Fantasy literature, cartoons, movies, and science fiction offer a rich imagery of human transformation. In these images one finds hyperdimensional consciousness and luminous bodies, superordinary vitality and movement, mystical ecstasies and unitive awareness. Furthermore, many of the transformations that such fiction depicts are accomplished through metahuman agencies: in Star Wars, Luke Skywalker destroys the Death Star when he surrenders to the Force. And the subjects of such transmutation struggle through initiatory rites like shamans and mystics in real life. Luke Skywalker suffers under Yoda's guidance to become a vehicle of the Force. Kubrick's astronaut dies by stages to his old self as his mind and body mutate. Popular visionary art today resonates with the picture of metanormality presented in this book:
o Metanormal perception in Ben Kenobe's sense of "disturbance in the Force" when Princess Leia's planet is destroyed by the Death Star, Ray's ability to see Shoeless Joe Jackson, though others without second sight cannot, in the movie Field of Dreams, and Jimmy Stewart's vision of the world's goodness in It's a Wonderful Life.
o Metanormal kinesthesis in the protagonist of Paddy Chayevsky's book (and movie) Altered States, who relives evolution through profound contact with his own cells.
o Metanormal communication abilities in Ben Kenobe's telepathic contacts with Luke Skywalker, and the telepathic powers of Jommy Cross, the "mutation after man," in A. E. Van Vogt's novel Slan.
o Metanormal vitality in the luminous aliens of the movie Cocoon, who sustain themselves on Earth (for a while) without their customary sustenance; and the tireless energy of the superhero in Van Vogt's Slan.
o Metanormal movement in: the levitation produced by E.T. as his young companions fly on bicycles with him; the protagonist's ability to travel out of body in Jack London's Star Traveler and Van Vogt's Supermind, Ben Kenobe's postmortem materialization in ordinary space-time; and the walk by James Earl Jones into the land of departed baseball players in Field of Dreams.
Metanormal influence upon the environment in: E.T.'s healing touch; Luke Skywalker's power to move imperial storm troopers from a distance; Yoda's ability to lift Luke's spacecraft without touching it; and Ray's creation of magical space by building a baseball diamond in Field of Dreams.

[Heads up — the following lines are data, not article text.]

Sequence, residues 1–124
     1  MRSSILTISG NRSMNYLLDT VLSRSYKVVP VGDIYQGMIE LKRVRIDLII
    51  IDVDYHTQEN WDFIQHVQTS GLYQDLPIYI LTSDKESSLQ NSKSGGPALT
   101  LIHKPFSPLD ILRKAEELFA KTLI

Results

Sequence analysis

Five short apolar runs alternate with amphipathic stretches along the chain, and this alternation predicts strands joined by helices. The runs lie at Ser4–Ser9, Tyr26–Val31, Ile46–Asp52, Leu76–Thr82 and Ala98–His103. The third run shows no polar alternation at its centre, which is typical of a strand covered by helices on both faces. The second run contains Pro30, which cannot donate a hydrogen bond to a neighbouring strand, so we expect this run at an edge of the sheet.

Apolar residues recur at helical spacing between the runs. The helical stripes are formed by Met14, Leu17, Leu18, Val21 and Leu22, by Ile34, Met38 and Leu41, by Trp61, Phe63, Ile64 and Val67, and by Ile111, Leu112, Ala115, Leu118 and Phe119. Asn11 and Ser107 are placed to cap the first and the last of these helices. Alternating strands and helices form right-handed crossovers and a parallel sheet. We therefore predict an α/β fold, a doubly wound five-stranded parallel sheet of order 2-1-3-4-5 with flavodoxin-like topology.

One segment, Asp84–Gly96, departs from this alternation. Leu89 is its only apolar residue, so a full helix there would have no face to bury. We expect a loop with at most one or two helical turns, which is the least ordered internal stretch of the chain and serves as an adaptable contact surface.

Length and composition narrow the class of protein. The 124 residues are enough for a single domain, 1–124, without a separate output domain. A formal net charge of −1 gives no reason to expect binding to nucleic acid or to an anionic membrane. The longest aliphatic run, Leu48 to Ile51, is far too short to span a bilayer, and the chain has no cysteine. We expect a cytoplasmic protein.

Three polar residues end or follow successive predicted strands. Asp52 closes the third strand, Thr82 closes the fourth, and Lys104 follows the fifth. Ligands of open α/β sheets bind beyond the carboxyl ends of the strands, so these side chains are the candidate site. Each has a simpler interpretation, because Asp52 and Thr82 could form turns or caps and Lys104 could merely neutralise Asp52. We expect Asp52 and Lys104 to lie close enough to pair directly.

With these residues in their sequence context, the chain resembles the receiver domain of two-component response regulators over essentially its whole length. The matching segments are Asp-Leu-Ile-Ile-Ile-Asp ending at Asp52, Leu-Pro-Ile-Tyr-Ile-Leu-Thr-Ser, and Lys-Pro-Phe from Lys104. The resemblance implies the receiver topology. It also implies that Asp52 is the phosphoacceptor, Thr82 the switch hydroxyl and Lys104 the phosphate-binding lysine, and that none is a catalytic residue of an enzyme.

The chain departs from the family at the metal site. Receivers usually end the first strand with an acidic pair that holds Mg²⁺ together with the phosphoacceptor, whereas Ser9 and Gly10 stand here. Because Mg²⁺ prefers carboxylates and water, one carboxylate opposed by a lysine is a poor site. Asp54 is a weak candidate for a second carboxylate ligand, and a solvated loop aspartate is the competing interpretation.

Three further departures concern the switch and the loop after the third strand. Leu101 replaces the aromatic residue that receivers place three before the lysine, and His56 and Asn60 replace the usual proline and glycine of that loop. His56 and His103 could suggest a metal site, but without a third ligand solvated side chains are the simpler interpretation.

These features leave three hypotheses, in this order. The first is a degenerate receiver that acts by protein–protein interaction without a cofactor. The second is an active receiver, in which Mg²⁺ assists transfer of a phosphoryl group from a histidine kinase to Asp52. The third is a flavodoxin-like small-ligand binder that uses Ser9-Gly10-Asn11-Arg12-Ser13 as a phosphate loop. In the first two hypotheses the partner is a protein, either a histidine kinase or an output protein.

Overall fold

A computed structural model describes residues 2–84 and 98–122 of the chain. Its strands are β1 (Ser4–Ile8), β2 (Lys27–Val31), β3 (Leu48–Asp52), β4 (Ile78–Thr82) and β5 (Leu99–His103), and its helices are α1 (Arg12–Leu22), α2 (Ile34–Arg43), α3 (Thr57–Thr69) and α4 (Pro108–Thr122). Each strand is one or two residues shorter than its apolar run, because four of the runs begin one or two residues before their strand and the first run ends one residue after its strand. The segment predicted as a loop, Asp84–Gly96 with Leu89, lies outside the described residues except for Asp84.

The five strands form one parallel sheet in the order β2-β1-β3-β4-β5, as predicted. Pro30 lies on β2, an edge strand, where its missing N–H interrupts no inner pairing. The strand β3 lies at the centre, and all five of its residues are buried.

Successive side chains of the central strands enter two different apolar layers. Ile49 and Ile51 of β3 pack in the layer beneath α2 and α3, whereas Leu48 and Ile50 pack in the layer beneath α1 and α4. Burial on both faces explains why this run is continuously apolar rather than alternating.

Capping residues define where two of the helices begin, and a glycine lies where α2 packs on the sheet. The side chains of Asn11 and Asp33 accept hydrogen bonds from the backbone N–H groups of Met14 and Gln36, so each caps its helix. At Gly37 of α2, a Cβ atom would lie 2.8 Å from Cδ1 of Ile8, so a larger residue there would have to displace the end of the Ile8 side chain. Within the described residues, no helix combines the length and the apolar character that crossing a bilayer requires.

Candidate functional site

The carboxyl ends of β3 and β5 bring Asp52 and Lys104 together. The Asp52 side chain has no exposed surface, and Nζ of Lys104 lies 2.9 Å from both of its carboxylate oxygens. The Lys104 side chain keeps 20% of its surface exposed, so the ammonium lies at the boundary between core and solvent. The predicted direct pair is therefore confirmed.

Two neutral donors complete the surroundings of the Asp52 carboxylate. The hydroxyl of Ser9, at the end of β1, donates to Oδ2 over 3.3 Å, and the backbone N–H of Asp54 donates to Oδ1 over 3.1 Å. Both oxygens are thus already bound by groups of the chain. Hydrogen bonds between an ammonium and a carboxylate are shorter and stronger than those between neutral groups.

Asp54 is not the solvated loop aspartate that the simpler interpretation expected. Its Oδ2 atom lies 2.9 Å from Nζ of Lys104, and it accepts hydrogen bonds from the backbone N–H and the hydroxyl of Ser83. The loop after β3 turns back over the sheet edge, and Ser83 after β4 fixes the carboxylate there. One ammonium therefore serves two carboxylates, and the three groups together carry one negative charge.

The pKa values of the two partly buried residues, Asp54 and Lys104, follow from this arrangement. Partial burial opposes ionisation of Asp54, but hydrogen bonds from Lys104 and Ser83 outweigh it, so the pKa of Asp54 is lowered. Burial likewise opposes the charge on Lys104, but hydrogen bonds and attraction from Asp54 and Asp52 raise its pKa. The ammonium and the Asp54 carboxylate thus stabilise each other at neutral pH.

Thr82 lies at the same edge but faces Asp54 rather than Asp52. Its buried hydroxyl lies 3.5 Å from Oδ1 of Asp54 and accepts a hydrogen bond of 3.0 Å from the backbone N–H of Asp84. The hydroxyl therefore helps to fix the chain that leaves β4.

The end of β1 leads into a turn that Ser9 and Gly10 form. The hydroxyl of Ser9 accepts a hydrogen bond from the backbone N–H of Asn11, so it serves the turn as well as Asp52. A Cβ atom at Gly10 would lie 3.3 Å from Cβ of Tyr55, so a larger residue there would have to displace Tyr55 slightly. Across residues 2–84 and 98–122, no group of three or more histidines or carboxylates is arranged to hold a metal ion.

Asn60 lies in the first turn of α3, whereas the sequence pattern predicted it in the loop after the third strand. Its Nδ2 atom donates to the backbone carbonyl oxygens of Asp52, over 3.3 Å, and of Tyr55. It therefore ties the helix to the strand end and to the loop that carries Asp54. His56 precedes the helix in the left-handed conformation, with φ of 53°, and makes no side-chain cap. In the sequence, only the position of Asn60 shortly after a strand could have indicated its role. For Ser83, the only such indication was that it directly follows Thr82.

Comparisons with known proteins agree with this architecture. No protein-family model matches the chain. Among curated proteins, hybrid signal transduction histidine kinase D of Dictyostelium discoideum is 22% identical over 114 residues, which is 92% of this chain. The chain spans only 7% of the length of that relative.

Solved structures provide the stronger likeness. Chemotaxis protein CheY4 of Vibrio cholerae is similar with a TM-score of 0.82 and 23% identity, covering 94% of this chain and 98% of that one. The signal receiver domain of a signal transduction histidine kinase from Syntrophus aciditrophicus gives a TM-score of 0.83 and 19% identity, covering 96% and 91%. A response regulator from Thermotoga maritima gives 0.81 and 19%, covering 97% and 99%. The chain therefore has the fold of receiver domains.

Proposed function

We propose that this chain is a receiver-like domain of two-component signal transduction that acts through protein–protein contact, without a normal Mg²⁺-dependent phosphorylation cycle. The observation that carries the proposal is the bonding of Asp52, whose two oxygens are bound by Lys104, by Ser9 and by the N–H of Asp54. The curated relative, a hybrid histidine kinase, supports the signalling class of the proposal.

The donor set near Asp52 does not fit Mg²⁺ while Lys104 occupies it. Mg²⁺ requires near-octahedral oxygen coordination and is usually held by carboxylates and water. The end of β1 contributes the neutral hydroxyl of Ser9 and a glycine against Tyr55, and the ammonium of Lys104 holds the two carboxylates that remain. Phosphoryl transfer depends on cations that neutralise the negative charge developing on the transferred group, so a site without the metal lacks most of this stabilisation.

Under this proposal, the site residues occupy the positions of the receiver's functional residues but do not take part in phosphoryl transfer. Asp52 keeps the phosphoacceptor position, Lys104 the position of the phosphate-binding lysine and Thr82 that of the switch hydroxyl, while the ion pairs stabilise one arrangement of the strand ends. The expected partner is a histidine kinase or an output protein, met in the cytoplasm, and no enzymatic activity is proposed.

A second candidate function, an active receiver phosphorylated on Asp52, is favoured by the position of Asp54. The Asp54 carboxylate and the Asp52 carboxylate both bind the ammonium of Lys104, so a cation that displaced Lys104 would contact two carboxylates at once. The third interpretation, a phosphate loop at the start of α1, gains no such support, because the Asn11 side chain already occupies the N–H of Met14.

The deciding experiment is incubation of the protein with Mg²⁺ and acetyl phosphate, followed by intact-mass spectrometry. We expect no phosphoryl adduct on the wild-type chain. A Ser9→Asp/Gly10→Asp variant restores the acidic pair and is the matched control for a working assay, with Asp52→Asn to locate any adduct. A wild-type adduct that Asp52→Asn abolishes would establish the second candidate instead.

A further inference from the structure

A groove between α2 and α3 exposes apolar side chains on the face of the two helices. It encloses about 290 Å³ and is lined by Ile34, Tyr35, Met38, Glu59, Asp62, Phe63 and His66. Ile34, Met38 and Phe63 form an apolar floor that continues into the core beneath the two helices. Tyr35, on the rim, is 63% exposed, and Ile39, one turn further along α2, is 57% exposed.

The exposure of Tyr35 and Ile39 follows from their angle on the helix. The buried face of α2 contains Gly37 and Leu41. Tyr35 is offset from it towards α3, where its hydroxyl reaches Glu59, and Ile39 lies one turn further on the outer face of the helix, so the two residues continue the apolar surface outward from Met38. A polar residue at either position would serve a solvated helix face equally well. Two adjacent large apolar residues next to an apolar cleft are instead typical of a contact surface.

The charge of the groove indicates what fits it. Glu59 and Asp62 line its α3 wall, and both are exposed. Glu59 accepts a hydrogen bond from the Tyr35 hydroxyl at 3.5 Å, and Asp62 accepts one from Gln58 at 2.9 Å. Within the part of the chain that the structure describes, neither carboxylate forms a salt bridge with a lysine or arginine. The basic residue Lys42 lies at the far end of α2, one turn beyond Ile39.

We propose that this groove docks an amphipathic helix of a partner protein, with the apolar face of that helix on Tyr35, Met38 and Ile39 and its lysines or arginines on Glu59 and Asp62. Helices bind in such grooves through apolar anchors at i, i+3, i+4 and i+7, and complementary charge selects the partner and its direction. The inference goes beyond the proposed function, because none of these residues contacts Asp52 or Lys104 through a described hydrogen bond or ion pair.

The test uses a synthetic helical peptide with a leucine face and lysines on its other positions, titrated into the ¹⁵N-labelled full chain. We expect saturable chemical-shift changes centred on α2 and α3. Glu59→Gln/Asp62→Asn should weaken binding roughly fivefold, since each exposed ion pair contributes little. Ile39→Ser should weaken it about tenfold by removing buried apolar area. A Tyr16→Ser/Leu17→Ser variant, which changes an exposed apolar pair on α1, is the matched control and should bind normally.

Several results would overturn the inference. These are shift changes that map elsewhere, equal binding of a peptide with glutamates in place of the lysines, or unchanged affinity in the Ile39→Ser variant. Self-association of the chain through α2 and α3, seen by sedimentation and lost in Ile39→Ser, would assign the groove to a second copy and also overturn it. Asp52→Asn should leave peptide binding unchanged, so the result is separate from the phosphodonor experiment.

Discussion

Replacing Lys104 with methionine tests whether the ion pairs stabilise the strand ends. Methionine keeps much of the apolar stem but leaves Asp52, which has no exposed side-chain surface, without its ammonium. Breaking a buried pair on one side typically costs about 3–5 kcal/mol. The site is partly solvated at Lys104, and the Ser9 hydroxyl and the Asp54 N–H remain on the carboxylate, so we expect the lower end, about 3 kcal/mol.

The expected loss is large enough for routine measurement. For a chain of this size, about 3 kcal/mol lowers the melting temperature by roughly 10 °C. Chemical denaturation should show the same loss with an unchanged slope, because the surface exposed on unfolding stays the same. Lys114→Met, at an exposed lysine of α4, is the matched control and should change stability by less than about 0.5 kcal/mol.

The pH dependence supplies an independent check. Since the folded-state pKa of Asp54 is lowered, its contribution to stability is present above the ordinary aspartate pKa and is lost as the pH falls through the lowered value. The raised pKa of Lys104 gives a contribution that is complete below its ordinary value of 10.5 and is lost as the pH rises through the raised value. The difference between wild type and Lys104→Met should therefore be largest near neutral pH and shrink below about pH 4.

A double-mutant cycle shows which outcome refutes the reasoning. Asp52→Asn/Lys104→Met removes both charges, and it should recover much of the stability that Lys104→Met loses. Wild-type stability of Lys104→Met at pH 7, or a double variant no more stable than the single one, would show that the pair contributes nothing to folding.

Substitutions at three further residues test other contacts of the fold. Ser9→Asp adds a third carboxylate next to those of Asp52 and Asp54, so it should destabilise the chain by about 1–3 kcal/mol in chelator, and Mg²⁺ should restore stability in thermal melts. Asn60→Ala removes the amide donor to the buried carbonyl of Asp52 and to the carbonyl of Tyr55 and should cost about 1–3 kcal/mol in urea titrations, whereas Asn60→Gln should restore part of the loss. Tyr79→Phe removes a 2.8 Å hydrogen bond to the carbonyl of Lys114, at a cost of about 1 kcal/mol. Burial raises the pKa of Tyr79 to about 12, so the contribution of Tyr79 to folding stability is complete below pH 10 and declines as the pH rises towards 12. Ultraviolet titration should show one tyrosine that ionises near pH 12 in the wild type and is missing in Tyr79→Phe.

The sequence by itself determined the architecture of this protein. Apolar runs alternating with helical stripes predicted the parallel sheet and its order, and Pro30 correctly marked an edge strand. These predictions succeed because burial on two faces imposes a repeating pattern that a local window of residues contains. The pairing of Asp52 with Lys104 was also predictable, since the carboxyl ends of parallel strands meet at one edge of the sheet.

o Metanormal delight in the ecstasies imparted to her admirer by the beautiful alien of Cocoon (after which the young man exclaims, "If this is foreplay, I'm a dead man!"); and the marriage of the mutated su. perwoman in Van Vogt's Supermind to Point Omega.
o Metanormal cognition in the intuitive mind of homo intelligens, the successor of homo sapiens, in Lester del Rey's Kindness; the widely shared visions of a numinous spacecraft during the movie Close Encounters of the Third Kind, and Ray's vision in Field of Dreams that a baseball diamond will attract something great and marvelous.
o Extraordinary volition in Luke Skywalker's power to destroy the Death Star by surrender to the Force, instead of reliance on his X-Wing's computer.
o Metanormal identity in the astronaut of 2001 as he dies to his ordinary mind and body so that he can incarnate the immense intelligence that beckons to the human race.
o Extraordinary love in the numinous embrace of the woman protagonist by the mysterious underwater presence in the movie the Abyss, Michael Valentine Smith's sacrifice of his body for his fellows in Robert Heinrein's Stranger in a Strange Land, and Ben Kenobe's death at the hands of Darth Vader for the sake of the freedom fighters.
o Metanormal embodiment in: the shape-changing protagonist of Jack Williamson's Darker Than You Think, and the luminous aliens in Cocoon, who pass through physical barriers, levitate, live without food, and radiate ecstasy to each other and the humans they touch.
In a manner analogous to Jules Verne's anticipation of atomic power in 20,000 Leagues Under the Sea, certain cartoons, movies, and fantasy literature might express intuitions of capacities mat are available to us. If, as Marshall McLuhan suggested, artists are a culture's "distant early warning system," the images just noted might prefigure luminous knowings and powers that can be realized by the human race.